Kwikblurb5...

The higher the hit rate for a system, the more closely ‘stays’ (ie stops and profit taking) must be finely calibrated. etc etc

 

blurb6

(Very very Generally) --- Re the Drawdowns allowed issue.

True trend systems can be allowed a 60% drawdown before shutdown.

Quasi - trend following systems can be allowed ~ 40% drawdown before shutdown.

Momentum/coattail systems (and the 'equally' successful strat of fading the system's signals :rofl:) can be allowed ~ 30% drawdown before shutdown.

Regardless of ‘testing’ results, just about all other systems should never be allowed to run past 20% drawdown before shutdown ... :haha: considering most of them are losers to begin with etc...

 

 

 

 

 

 

 

“And then the day came when the risk it took to remain tight in a bud was more painful than the risk it took to blossom.” Anais Nin

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"If something is worth doing, it's worth doing badly." Leslie Buckland

 

Most system developers first turn to ‘ volatility’ as primary driver of ‘condition specific’ sizing... and get stuck there...

(btw, my advice = in sizing work, skip 'volatility’ completely ...you'll naturally be brought back to when and how to include it properly later ) ... and ...

 

Most of these developers turning to volatility as primary driver of ‘condition specific’ sizing get sucked into using measures of range (ATR, etc.) as a measure of volatility. A better (however more complicated) measure utilizes studies of passage through price brackets/zones ... number brackets traversed, time duration in each, etc...and ... btw

 

Most developers never realize the high reliability of cyclicity in properly measured ‘volatility’

 

A $million+ ©TA offers this: Improving Trading System Performance Using a Meta-Strategy

 

A $billion+ CTA offers this: "I have a staff of PhD's researching volatility based position sizing. They haven't come up with anything."

 

" You cannot teach a man anything; you can only help him find himself." Galileo

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70-30, trade small and more frequently, big bets will get you at the end.

 

sergso,

"70-30, trade small and more frequently,... “ may be perfect advice for anyone trading the exact same system as you, on the same instruments, and with the same capitalization... etc

 

“70-30” may be correct --- but only for you, your financial state, and your system. There is no way you or anyone else can pigeon hole everyone else into that ratio. The usefulness of that advice is not ubiquitous even to someone trading a single method on a single instrument with single contract size... And past a certain system specific threshold of capitalization, the practicality of such advice goes completely microscopic. Keep going ... and past a certain threshold in the diversity / complexity of one’s portfolio, regardless of the ‘analysis’ methods used, flipping this 'advice' to “30-70” will not be nearly enough to manage dynamic sizing and allocations... especially with leveraging or in opm cases...etc etc. ... and ... At this point I won’t even go into the variability in the depth / time / etc. of ‘analysis’ between traders - besides to say it’s another reason pushing out a generalization about the correct or dominant ratio of analsis and money manglement is pitiful.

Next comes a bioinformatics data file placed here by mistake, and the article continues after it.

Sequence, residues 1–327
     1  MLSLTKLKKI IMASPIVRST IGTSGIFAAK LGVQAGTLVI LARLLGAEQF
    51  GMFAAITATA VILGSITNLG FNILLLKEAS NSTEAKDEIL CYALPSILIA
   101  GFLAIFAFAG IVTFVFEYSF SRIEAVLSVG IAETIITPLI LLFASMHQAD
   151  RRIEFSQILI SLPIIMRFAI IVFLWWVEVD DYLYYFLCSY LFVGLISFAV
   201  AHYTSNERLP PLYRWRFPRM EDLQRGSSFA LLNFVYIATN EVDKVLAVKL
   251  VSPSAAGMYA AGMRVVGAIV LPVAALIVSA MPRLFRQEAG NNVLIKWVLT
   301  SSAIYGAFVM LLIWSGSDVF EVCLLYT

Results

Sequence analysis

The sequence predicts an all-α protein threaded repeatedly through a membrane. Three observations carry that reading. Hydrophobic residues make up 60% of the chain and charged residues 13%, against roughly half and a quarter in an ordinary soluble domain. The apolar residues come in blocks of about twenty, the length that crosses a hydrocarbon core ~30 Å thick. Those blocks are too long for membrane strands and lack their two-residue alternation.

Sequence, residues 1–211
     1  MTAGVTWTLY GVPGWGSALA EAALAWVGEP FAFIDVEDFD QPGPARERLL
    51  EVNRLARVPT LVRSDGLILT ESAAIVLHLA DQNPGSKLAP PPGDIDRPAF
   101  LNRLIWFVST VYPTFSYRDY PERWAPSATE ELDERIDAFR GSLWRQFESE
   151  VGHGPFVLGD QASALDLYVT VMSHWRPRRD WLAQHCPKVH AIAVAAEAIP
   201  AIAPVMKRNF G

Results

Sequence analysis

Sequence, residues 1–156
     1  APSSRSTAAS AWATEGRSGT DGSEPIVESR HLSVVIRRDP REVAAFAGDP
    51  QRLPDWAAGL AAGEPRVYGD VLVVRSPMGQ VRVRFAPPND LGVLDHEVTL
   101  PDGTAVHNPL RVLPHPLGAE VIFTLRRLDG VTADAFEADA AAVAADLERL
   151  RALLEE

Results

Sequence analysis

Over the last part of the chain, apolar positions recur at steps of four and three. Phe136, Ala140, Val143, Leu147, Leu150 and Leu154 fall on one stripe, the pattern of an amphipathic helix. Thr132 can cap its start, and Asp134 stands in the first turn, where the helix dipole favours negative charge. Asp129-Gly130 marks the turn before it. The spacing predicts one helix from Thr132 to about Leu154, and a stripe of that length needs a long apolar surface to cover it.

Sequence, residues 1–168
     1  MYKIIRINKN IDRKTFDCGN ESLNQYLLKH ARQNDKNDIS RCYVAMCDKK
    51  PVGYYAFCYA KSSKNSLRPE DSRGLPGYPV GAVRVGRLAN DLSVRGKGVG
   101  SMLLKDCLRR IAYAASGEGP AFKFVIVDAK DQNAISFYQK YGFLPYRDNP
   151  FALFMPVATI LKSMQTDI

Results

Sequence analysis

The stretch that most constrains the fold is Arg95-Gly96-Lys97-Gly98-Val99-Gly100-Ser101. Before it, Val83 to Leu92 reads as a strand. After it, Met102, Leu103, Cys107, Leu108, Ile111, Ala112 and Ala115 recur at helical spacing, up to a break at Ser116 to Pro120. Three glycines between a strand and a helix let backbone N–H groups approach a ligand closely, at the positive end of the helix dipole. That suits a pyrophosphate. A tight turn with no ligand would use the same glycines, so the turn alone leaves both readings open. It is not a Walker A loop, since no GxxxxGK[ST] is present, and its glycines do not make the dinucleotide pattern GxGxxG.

“trade small and more frequently” If limiting size and goosing frequency improved the performance of your trading that’s really great - but, come on man! - You can’t deal out advice like that as if it applies to all systems. It is a disservice to your peers ... at the very least a waste of their time. Traders need to trade as closely as possible the optimal size for their system(s). And a trader needs to trade at the exact frequency a system calls for without inserting trades (ie “more frequently”) or omitting trades (ie “I missed that trade” or “I didn’t take that trade”)... randomly / arbitrarily goosing or limiting frequency and / or size is just another loop ride on the loop around Looserville.

 

“big bets will get you at the end”. You may be shooting for some brevity with this one... so I’ll almost give you a pass -. Almost  ... still , let’s look at a couple of the words you used and some possible ‘presuppositions’

Re: the word “bets” - at a some point in each type of betting game, the “window closes” and from that point forward the results to your equity are completely out of your hands. In the trading game up until the time your broker liquidates your position(s), the ‘window’ stays open...with trades you still have possibility to influence the results to your equity.

 

And re: “big” The crucial variable here is not “big” or “small” (/ size). The crucial variable is positive expectancy.

so more accurately - and hopefully just as succinctly

If you have a positive expectation, the only thing that will get you is holding losses until they are “big”

 

I can’t think of a field where ‘general guidelines’ are less applicable than in trading - yet the ‘voice of trading’ continues to deliver ‘truths’ that are actually only true in ~1% of instances ...by the tens of thousands....media, forums, books, articles, seminars, etc etc...

 

sergso, almost all the good posters are gone now... it’s up to us average posters to do a better job...

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Most system developers first turn to ‘ volatility’ as primary driver of ‘condition specific’ sizing... and get stuck there...

 

And ironically, many traders employing this approach end up taking their largest positions (and losses) at times of low volatility, and thats generally the time that the types of systems typically traded by the retail crowd tend not to do particularly well